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Antiwar organizers get ready for a day of action
Building for January 27

January 19, 2007 | Page 15

SEEKING TO build on growing antiwar sentiment, organizers across the U.S. are gearing up for a national day of action on January 27. Large mobilizations are planned for Washington, D.C., San Francisco, Seattle, San Diego, Austin, Texas, and several other cities.

The potential for a big turnout was on display after Bush gave his January 10 speech outlining his plan to send more than 20,000 additional troops to Iraq. The next day, hundreds of antiwar pickets were held across the U.S. to express opposition to the plan.

Just weeks ago, plans for the Washington, D.C., demonstration on January 27 were still up in the air, but the reaction among antiwar activists to Bush's speech appears to have brought more urgency to the organizing.

Also in the past several weeks, the mobilizations have taken clearer shape in San Francisco and elsewhere, in some cases with new organizations taking the necessary initiative to pull together the forces for these protests.


Protests are taking place around the country on January 27 where activists will call for an end to the U.S. war on Iraq. Check below for details on demonstrations in different cities.

Washington, D.C.
Assemble on the Mall, between 3rd and 7th Streets at 11 am. March begins at 1 pm.
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San Francisco
Assemble at Market and Powell at Noon.
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Los Angeles
Assemble at 9th and Figueroa at Noon. March to the Federal Building at Spring and Los Angeles.
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Austin, Texas
Assemble at Austin City Hall at 3 pm. March to the Texas Capitol building begins at 3:30 pm.
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Assemble at the Center for Social Justice, 2111 E. Union, at 1 pm.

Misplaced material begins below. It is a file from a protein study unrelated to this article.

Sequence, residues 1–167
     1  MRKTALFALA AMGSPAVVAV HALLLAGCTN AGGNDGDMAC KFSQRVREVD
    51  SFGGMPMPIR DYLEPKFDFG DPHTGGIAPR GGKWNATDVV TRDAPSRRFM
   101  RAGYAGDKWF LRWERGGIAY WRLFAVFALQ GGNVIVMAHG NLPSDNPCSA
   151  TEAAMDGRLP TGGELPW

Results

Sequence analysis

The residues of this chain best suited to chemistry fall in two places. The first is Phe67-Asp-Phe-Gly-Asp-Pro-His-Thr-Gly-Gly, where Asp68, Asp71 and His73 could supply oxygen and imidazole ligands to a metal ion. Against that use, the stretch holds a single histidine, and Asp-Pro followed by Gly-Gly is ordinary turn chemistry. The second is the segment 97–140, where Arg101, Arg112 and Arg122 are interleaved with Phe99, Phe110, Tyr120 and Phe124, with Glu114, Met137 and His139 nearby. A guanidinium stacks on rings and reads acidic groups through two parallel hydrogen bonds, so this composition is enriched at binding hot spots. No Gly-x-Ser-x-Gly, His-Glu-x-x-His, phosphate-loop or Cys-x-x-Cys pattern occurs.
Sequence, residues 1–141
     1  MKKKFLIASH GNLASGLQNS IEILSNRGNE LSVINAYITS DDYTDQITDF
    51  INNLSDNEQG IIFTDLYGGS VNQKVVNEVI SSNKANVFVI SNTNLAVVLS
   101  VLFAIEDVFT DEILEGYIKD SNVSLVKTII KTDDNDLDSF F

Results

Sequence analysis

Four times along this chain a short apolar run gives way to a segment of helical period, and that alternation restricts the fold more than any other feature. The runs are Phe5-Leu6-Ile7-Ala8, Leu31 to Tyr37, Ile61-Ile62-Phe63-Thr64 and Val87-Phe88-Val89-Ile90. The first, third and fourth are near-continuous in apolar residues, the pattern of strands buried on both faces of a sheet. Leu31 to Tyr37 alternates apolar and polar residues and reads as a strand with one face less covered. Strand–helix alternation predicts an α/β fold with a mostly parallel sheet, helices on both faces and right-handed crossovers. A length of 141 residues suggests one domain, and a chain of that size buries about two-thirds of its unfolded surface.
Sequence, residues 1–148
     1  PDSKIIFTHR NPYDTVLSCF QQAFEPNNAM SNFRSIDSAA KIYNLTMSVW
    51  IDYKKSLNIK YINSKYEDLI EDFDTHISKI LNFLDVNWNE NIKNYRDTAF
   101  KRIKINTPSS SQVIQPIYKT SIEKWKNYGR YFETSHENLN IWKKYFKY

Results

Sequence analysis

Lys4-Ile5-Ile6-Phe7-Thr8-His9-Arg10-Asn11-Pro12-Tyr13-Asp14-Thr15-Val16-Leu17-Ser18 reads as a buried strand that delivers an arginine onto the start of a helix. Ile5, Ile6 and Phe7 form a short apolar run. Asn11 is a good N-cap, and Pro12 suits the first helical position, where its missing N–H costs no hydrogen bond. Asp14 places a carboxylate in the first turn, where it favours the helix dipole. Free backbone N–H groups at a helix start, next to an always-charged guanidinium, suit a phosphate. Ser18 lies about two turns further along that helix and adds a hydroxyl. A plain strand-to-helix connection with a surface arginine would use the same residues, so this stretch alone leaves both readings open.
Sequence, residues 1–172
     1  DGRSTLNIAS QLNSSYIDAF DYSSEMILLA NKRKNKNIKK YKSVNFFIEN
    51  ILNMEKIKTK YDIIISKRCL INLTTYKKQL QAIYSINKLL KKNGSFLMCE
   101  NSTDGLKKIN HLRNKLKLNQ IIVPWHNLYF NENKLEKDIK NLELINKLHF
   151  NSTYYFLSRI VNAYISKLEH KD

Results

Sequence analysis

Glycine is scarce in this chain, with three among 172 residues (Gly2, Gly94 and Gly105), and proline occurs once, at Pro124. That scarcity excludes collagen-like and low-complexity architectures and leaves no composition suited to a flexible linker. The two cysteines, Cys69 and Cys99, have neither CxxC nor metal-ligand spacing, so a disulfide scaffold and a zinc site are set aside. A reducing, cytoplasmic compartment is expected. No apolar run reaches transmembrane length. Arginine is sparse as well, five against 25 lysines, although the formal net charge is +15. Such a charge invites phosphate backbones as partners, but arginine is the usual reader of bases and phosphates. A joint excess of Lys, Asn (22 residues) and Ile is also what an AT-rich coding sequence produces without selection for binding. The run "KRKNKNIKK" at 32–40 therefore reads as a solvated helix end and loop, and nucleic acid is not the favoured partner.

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The national mobilization in Washington, along with regional mobilizations in other cities, is a critical opportunity to take the antiwar sentiment expressed by voters in the November elections and give it a concrete expression in the streets.

The Win Without War coalition issued the initial call for the January 11 pickets "to mobilize citizen opposition to the war and put pressure on Congress to stop it," but many groups took up the call and brought their own political messages to the events.

-- In Chicago, about 250 people from peace groups and antiwar coalitions came out, and a large number said they also planned on attending the January 27 protest in Washington. People sang, and many signed an Out Now petition spearheaded by antiwar author and activist Anthony Arnove, Noam Chomsky and Howard Zinn.

-- In Ithaca, N.Y., about 70 people came out to a rally organized by a few individuals in 24 hours. The crowd gathered at a busy intersection with handmade signs calling for the troops to leave now.

-- In Queens, N.Y., more than 25 activists took to the street in front of the military recruitment center. This was the third such protest this month, which enjoyed enthusiastic support from passersby in this predominantly immigrant community. More than 350 flyers were handed out for the January 27 demonstration, and several people signed up for the buses leaving from Queens.

-- In Eugene, Ore., about 100 people braved a snowstorm to gather in the Wayne Morse Free Speech Plaza downtown. Protesters stood on the sidewalk with antiwar banners, as passing drivers honked their horns to show their agreement.

-- At the University of Washington campus in Seattle, 30 people rallied and marched in the street to a nearby marine recruiters' office and picketed there for half an hour before marching over a nearby freeway. About 40 people in downtown Seattle handed out leaflets to passersby who were largely supportive.

Aaron Amaral, Evan Kornfeld, Steve Leigh, Graham Shaw and Rebekah Ward contributed to this report.

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